Fearless (1993): Starring Jeff Bridges

Jeff Bridges, one of our most brilliant but also underestimated actors, gives such a stellar performance in Fearless, Peter Weir’s new film, that he almost overcomes the trappings of a flawed narrative that is not particularly well-written.

For the past 23 years, Bridges has been showing his good looks and skillful versatility in film after film, with such highlights as The Last Picture Show (1971), for which he won his first Oscar nomination, and this year’s American Heart, a small indie about a father-son relationship that very few viewers saw.

Bridges is cast as Max Klein, a middle-aged, happily married (his wife is played by Isabella Rossellini) San Francisco architect who survives an airplane crash. Screenwriter Rafael Yglesias, who adapted his novel, doesn’t shy away from dealing with the most existential issues: fear of death–and life. It’s the kind of theme that very few American movies would even try to portray.

Peter Weir is the perfect director for such issues. Weir has shown his penchant for life’s mysteries and Gothic horror stories from his 1974 debut, The Cars That Ate Paris, through his masterpiece Picnic at Hanging Rock (l975), a haunting tale of a turn-of-the-century picnic that turns tragic after stirring the repressed sexuality of girls in a rigid boarding school.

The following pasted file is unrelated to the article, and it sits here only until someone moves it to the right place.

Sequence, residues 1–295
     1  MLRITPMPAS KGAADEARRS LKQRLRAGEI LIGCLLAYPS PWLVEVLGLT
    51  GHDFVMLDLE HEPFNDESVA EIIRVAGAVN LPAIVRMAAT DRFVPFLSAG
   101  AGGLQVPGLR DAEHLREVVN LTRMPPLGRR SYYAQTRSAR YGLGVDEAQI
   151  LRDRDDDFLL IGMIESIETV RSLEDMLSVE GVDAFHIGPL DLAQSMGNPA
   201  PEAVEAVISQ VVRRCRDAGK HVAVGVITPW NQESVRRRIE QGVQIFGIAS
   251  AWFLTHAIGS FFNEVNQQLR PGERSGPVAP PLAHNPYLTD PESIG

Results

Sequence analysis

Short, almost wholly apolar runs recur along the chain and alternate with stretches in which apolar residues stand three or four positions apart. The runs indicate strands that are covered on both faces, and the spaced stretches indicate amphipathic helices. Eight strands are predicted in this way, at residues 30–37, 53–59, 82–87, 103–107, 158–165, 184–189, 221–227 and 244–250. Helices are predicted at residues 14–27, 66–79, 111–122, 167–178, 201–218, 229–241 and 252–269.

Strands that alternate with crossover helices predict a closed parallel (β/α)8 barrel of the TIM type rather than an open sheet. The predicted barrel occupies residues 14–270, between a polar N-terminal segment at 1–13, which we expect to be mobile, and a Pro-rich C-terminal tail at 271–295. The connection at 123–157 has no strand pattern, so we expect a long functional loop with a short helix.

I would rather not mention Weir’s 1 990 frivolous comedy, Green Card, or even the more successful if also sentimental, Dead Poets Society, which shares some common themes with Fearless. In fact, most of Weir’s movies (The Last Wave, Gallipoli, The Year of Living Dangerously, Witness) are situated in societies that appear to be calm and stable but are actually about to collapse as a result of both internal human fears and external events over which people have no control.

The first 15 minutes of Fearless are so striking in their use of visual and sound effects that they set the right tone and scary tension for a saga of a man who believes he had actually died and is now on the brink of madness.

The film depicts one of the most horrifying plane crashes to be seen in a Hollywood movie to date, and it deals with the significant issue the arbitrariness of survival, namely, how arbitrary (or random) is the question of who survives and who dies.

Just in case you think Fearless is a one-character film, Max is surrounded–and contrasted–with his wife and little boy, and two women. The first is Rosie Perez, who renders a truly heartbreaking performance as Carla, a young mother who loses her baby during the crash. The other woman is the wife of Bridges’ partner, who died in the accident. And in the background are corrupt lawyers trying to make the most out of this tragic accident, hungry journalists for sensationalistic stories, suspicious insurance companies, etc.

The second part of Fearless resorts to excessive melodramatic devices, including a powerful sequence that depicts the exorcism of Perez’s guilt over her failure to save her toddler. The resolution, in which life is reclaimed and reaffirmed by Max, is also overbaked and also negates the serious atmosphere and honest intentions of the writer and director in the first hour of the film.

Though not entirely satisfying, Fearless is one of the few studio films that actually makes you think. Anything but the formulaic, immediately disposable entertainment of the Airport movies, Fearless is also likely to leave some strong imprint on you when the experience is over.  Indeed, unlike most Hollywood disaster movies, which are schlocky and offer facile entertainment with their all-star casts, “Fearless” is one of the best disaster movies or rather best  movies about disaster.